It’s becoming increasingly clear that what people are after is ownership over the minute details. “People like that ease,” Goldman explains. “They want everything adjustable via wi-fi, so that even when they’re at work or they’re out of town, they can adjust things from their smartphones. We’ve seen a big rise in giving people access to their apartments when they’re not home.”
Getting into specific exterior facade materials, Goldman notes that of late, they’ve been exploring things like metal panels or fiber cement panels, and finding creative ways to use them. “We do it for two reasons,” he says. “One is that it looks good, and another is that, whatever material you use, you have to use it to its intrinsic properties in order to make it cost effective. Using metal panels and designing the building to the size of the panels, rather than designing the metal panels to the size of the building, if that makes sense. There are certain limitations to the height of a pane of glass, because if it goes beyond a certain weight, you have to increase the structural capacity of the building, and so on and so forth.
“In Chicago at least, concrete has been very expensive, so we have tried to design with different kinds of framing materials,” Goldman adds. “We spend a lot of time focusing on acoustic properties. We want people to enjoy their homes quietly, and not hear neighbors from above, below or to their sides. We use a lot of high-performance materials to eliminate external noise. And inside their homes people like wood floors, European, Italian-style cabinets, and clean countertop surfaces. You see them in all of the design magazines.”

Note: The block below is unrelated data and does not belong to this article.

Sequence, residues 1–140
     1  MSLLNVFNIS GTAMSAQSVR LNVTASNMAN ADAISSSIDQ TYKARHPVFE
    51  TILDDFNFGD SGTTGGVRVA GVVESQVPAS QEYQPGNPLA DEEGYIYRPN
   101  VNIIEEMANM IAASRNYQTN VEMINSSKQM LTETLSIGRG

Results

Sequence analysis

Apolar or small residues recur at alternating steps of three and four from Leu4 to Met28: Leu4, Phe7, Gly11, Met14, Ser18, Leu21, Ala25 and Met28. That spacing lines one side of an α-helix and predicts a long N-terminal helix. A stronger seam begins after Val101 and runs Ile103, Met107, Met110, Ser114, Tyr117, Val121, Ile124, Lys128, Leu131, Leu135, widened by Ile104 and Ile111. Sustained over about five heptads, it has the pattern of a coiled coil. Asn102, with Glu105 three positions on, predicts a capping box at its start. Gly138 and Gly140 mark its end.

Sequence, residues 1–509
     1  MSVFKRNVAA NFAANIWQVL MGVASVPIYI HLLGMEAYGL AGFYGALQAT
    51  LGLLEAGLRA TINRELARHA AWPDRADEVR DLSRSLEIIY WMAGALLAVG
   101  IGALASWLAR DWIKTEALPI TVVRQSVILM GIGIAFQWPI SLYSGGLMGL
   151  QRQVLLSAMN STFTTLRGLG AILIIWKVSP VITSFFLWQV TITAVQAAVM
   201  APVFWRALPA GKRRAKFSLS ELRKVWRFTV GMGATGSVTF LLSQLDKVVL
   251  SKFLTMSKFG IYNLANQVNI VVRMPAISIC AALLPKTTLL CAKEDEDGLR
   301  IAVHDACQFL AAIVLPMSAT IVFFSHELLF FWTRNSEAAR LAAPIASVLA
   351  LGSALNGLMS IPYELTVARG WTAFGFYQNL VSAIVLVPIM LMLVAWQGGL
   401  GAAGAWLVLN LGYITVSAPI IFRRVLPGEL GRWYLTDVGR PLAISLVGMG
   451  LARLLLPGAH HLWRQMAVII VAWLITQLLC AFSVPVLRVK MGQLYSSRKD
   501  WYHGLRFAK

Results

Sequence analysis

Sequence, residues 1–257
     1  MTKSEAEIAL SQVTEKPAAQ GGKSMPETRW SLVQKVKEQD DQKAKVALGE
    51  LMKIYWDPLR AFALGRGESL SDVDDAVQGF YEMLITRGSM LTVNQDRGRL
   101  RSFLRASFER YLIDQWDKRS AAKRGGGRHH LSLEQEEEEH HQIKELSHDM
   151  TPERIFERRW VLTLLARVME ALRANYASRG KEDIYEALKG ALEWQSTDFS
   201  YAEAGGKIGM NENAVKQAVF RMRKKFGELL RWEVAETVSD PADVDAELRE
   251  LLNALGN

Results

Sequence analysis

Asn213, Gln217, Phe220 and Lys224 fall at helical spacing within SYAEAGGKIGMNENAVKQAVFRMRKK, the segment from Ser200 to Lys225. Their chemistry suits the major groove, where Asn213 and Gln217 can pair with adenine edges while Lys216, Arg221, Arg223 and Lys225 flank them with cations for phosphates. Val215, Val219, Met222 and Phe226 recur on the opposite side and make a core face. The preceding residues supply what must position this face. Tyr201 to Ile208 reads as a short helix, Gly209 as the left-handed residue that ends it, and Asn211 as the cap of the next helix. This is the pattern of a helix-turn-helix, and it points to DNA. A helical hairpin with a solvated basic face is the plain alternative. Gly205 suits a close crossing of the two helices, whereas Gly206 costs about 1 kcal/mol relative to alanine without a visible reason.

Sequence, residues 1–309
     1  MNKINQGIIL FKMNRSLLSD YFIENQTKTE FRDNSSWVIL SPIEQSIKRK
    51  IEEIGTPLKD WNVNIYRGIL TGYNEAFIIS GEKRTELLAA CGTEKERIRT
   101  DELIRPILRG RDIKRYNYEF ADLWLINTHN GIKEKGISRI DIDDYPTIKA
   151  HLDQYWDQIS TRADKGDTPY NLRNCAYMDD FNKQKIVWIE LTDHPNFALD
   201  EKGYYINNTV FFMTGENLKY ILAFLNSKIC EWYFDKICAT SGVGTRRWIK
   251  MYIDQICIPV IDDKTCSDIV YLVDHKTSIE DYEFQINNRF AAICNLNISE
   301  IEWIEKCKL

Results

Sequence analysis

The connection between condo construction and gas pricing may not be an obvious one, but Wayne Bellet, Owner of Bellet Construction Company in New York City, says they’re closer than one might think.
“What comes to mind instantly, in regard to construction and materials, is how competitive roofing has become for the first time,” Bellet says. “Roofing used to be remarkably expensive, and I think that dates back to when the petroleum prices were really high. If you remember a few years ago, gasoline was almost $5 per gallon, and that’s a good way to relate to readers: gas is petroleum, and roofing [materials] are derived from petroleum. Now...even though gasoline in Manhattan is about $3, the price of roofing has gone down considerably. And in my opinion, I think that’s because the marketplace is saturated with roofing manufacturers. The most typically fashionable companies are being challenged by companies that aren’t as big, or aren’t as heavily marketed, but are offering things we haven’t seen before.”
As any New Yorker knows, one cannot take a short stroll for a coffee without encountering the scaffolding that’s required to be put up around construction projects to protect passersby from any debris or other objects that might fall from the work area above. The untrained eye may not see anything new there; same old cumbersome metal contraption, right? But according to Bellet, there’s evolution even here.
“We do a lot of scaffolding work for facades, and, talking about trends... we have these scaffolding motors now that move faster and safer than they ever have before. And this may not seem like a huge headline, but when you’re dealing with a 30-story building, and you pick up 15 minutes every time you go up and down, which is often... you really pick up a lot of productivity. You have two very costly men standing on this platform, saving 15 minutes on each lift up and down, that adds up to hours! So it’s a crazy new improvement.”
Mike Odenthal is a staff writer/reporter for The Cooperator.